Taking a Strategic Approach to Accounting: 5 Tips to Manage Small Business Finances

Black Calculator Near Ballpoint Pen on White Printed Paper With Financial Figures

A small business doesn’t mean you won’t run into some financial issues. It can be easy to become overconfident with the “simplicity” of your business and find yourself financially unstable. Today, let’s talk about 5 tips you can apply to your business finances to better manage it.

Balance Your Personal and Business Finances

Running a small business should never become a net negative for its owner. While being dedicated to your business is okay, it’s not okay when it comes to the cost of your finances. Remember, you should still compensate yourself appropriately. Never undervalue your role in your business. After all, you are the owner.

You have to maintain a balance between your professional and personal financial stability. It’s a good idea to work this out with a small business accountant. Don’t just pour money into day-to-day operations as an extra way to gain capital. If your income from the business isn’t enough to upkeep your business, you need to fix the business, not patch it up with your personal income. Additionally, make sure you set aside your money for future opportunities for growth. By keeping yourself stable and setting aside money, you can easily upgrade your business when the time comes. Best of all, it would come at no major financial cost to yourself or the business. Always keep your eye on any potential markets.

A small business must have an owner that looks well-to-do but never at the expense of your employees. Showing potential recruits and customers that you are successful in both a personal and business perspective gives your business a real sense of legitimacy. Employees will see that they have room for success in the company, and customers can see a small business that cares about the workers.

Use Loans Sparingly

Loans can seem counterintuitive to some for savings, but they can be a great tool to use for shoring up sudden expenses. The instant monetary gain from loans can help reduce a lot of startup worries such as paying for your business’s lease or paying your employees promptly. However, do not rely on them for every little thing. Make sure that your business is running thanks to profit, not because of constant loans.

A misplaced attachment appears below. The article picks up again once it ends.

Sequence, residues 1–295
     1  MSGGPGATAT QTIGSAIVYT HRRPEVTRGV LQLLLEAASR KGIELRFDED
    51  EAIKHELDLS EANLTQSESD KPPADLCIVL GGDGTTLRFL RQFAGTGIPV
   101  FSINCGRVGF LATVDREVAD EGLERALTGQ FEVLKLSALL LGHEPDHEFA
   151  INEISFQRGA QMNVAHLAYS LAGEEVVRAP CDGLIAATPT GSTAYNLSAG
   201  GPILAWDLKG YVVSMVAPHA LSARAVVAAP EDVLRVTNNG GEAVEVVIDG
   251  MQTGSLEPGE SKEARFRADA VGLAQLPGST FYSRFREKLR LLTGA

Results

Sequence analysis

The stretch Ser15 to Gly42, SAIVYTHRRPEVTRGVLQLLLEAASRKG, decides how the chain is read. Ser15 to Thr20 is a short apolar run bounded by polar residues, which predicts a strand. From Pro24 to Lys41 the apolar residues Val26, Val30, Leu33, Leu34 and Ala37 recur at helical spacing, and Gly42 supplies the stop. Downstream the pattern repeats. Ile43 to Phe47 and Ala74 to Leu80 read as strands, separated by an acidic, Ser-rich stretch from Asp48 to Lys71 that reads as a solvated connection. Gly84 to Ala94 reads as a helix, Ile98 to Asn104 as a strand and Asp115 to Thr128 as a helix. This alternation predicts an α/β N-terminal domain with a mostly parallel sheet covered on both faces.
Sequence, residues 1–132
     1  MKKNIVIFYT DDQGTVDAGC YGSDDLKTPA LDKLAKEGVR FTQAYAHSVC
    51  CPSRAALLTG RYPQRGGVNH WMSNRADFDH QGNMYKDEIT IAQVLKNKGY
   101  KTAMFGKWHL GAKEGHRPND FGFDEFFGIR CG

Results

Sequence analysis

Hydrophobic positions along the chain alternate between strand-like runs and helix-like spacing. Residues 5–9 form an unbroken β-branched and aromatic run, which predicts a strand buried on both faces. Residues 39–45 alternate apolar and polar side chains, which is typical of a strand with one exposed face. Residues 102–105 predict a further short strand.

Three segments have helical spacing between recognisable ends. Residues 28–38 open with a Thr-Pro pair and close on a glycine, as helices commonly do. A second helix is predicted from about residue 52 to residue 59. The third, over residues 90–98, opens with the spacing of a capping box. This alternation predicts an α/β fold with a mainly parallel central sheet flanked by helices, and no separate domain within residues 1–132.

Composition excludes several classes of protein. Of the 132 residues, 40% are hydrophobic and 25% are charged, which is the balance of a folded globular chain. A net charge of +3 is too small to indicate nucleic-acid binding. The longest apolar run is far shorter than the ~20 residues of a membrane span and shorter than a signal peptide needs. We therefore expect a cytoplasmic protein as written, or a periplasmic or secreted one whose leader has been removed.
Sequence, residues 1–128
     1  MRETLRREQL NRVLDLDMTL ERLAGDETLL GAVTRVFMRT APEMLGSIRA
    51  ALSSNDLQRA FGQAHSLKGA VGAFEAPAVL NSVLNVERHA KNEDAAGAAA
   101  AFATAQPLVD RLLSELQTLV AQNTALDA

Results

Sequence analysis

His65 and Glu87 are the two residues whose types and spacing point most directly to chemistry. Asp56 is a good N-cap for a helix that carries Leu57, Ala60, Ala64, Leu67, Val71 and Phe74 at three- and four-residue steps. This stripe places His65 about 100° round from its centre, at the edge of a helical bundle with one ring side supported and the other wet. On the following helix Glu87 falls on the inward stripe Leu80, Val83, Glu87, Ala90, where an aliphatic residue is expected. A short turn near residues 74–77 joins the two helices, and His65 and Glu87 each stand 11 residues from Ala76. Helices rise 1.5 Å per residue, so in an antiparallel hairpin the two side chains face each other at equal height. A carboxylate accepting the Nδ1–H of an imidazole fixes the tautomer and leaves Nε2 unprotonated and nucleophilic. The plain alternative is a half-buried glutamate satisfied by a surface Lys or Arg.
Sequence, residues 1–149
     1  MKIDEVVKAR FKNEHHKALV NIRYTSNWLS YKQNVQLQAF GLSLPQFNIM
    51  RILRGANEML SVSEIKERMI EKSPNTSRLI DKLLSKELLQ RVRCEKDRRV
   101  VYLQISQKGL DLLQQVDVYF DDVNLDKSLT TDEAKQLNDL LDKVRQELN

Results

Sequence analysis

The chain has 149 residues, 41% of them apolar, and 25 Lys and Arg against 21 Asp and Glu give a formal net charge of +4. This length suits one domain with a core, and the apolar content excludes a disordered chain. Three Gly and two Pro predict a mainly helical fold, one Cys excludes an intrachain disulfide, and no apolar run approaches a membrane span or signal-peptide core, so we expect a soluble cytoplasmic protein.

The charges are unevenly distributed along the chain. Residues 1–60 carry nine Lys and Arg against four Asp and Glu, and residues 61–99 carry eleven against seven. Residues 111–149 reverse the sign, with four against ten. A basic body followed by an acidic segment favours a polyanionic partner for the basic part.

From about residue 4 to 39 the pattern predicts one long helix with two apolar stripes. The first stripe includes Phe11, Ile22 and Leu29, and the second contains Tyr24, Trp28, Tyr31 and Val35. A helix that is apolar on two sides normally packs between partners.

In addition to loans, make sure your business credit is in good status. Using loans sparingly is a good way to keep it as such. Business credit is what dictates a lot of transactions with other corporate entities, so it’s best to always pay off your working capital loans for your business transactions.

Get Creative with Invoices

Eventually, a small business will have a client that ends up late on their payments consistently. This sort of thing is common with clients who may feel too comfortable with your business or plan to not do business with you ever again. Either one is a huge problem with your finances. When you’re having a hard time collecting payments, it’s a good idea to rethink your approach.

When cash gets stuck in “I’ll pay later” limbo, it can lead to a disruption in your cash flow. A lot of businesses fail due to this lack of revenue. Instead of badgering them, try a different approach so you can get a return on your funds. For example, offering a discount if they pay within a certain number of days is common. As a further incentive, have them incur small penalty fees if they go over the payment deadline.

Lastly, just avoid problematic clients in the future. While it’s important to be understanding of a client’s situation, it’s still a matter of keeping your finances above water. If they are consistently late on paying invoices, this affects the bottom line.

Keep Your Books in Order

For everyday operations, always set aside time at the end of the day reviewing and monitoring all your books. For businesses that make use of a corporate card, this goes double as the expenses are done in your company’s name. Even if you have a bookkeeper, check in with them and ask thoroughly about any potential problems in the business. Get yourself familiar with the way the business runs so you’re on top of any potential issues before they snowball.

Avoid neglecting any standing loans, debts, or bank notices. Failure to upkeep with these issues can lead to losing the money you didn’t need to lose. Worse, it could even lead to accidental embezzlement, which will likely get taken to court.

In addition, keeping your books in order lets you see what expenses have given you a return on your investment (ROI). For example, if a certain product is selling high, you can funnel more expenses into marketing than if some other product isn’t doing so well. Of course, take a look at how much marketing you spend on each item so you know for sure that the item’s lack of demand is the cause for poor ROI and not bad marketing.

Practice Good Financial Habits

Make sure you have financial policies rolled into the business itself. This is to make sure everybody is on top of things. Set aside time to review and update financial information for both the business and yourself. The financial health of your business can remain in a good state so long as you keep on doing the above tips consistently. Small businesses often have trouble with both time and money due to poor planning and fewer resources. Plan and keep a tight leash on any financial policies to make sure no legal troubles arise from employee incompetence or fraud.